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HEARING TIPS

How to Treat Tinnitus with Hearing Aids

Woman holding hand to head in pain

In the United States, tinnitus affects 20 percent of the entire population, and hearing loss is present in 90 percent of those cases.

With such a substantial relationship between tinnitus and hearing loss, you would think that people would be more inclined to seek treatment for one or both ailments.

But believe it or not we find the opposite. Among those who bypass treatment for hearing loss, 39 percent (9 million people) do so because they believe nothing can be done about their tinnitus.

That’s 9 million people that are suffering unnecessarily when a treatment is available that could both improve hearing and relieve tinnitus at the same time.

That treatment method is the professional fitting of hearing aids.

In a recent survey of hearing health professionals, it was found that 60 percent of patients confirmed some amount of tinnitus relief when using hearing aids, while 22 percent confirmed substantial relief.

Based on these numbers, if the 9 million who have given up on tinnitus utilized hearing aids, 5.4 million would realize some amount of relief and about 2 million would achieve substantial relief.

But how do hearing aids actually mitigate the severity of tinnitus?

The scientific agreement is that hearing loss brings about diminished sound stimulation reaching the brain. In response, the brain experiences maladaptive neurological changes that produce the perception of sound when no external sound source is present.

It’s this personal nature that makes tinnitus so perplexing to diagnose and treat, and why medications or surgical procedures tend to have little to no effect. There’s simply no physical structure to repair or chemistry to modify.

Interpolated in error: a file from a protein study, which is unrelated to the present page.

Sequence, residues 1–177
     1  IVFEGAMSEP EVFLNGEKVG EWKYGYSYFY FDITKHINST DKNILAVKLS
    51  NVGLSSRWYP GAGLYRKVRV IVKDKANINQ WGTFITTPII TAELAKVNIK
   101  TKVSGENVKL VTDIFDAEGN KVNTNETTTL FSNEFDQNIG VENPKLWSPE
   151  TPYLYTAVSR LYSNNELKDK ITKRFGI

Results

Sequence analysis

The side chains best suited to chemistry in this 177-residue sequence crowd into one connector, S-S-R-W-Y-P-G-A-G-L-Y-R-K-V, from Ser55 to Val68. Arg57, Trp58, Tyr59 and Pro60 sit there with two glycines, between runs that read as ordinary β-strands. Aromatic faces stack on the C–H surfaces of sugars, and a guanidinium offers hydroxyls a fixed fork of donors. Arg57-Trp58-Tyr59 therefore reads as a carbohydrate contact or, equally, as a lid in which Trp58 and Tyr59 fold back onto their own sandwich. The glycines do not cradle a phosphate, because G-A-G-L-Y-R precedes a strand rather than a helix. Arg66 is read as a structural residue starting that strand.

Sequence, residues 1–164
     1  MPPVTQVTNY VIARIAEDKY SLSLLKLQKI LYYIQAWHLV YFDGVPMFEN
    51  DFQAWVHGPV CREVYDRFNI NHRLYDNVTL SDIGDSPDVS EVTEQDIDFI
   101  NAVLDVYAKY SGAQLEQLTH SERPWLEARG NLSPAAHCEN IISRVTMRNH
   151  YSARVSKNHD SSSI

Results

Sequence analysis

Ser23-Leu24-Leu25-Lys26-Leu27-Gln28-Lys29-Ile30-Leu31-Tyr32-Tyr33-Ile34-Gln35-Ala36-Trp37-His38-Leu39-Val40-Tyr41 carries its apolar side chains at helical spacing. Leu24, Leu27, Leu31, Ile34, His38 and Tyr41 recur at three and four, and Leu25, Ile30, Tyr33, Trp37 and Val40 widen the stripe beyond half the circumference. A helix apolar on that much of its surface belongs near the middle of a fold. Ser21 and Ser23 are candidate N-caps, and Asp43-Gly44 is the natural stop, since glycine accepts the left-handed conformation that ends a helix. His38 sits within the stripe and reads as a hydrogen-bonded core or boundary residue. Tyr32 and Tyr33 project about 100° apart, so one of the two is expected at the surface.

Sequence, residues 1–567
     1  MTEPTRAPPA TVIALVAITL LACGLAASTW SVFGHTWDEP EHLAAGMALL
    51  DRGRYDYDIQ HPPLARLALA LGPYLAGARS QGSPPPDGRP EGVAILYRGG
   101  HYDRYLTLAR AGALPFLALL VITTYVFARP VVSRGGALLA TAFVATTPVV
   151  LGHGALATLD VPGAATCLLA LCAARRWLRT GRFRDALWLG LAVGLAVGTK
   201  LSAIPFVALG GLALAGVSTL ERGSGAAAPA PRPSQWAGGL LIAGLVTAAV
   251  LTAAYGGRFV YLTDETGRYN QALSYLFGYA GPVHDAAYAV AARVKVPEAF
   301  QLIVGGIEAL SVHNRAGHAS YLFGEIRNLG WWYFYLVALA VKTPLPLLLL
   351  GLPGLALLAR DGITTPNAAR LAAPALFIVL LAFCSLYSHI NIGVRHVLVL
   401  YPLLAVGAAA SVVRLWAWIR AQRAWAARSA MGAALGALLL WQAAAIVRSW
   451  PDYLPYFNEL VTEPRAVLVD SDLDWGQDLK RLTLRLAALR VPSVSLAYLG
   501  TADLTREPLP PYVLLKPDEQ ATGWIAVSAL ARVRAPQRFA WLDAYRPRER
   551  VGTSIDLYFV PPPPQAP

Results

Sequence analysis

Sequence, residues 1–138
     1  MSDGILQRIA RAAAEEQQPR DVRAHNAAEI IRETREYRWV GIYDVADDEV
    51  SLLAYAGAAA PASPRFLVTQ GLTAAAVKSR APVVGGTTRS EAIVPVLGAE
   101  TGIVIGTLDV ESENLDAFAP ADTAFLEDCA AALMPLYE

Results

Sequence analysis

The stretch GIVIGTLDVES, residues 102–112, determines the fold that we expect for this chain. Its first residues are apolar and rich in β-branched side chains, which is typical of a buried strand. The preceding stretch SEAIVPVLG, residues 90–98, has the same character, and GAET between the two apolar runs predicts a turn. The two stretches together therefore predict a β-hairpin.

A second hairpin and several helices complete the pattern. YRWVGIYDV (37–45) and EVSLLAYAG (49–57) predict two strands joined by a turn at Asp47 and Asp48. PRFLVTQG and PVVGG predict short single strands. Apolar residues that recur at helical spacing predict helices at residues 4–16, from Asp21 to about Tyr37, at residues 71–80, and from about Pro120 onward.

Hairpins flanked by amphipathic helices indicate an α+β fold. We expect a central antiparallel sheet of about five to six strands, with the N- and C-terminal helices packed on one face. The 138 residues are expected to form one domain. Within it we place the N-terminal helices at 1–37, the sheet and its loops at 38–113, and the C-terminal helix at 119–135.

But there is a way to reach the perception of sound, a way to help the brain adjust or reverse its response to reduced sound stimulation.

With the help of hearing aids, amplified sound can help readjust the brain to healthy levels of sound stimulation and concurrently supply a masking effect for the sounds of tinnitus.

For patients with hearing loss, tinnitus is more disturbing because the tinnitus is louder compared to the volume of exterior sound. By turning up the volume on external sound, tinnitus can disappear into the background.

On top of that, some hearing aids can furnish sound therapy directly to the user, which can be tailored for each person.

Hearing aids, combined with sound and behavioral therapy, are at this time the best tinnitus treatment options available. Many patients describe some extent of relief and many patients report significant relief.

Are you ready to give hearing aids a chance? Schedule a consultation today!

Why wait? You don't have to live with hearing loss. Call Us Today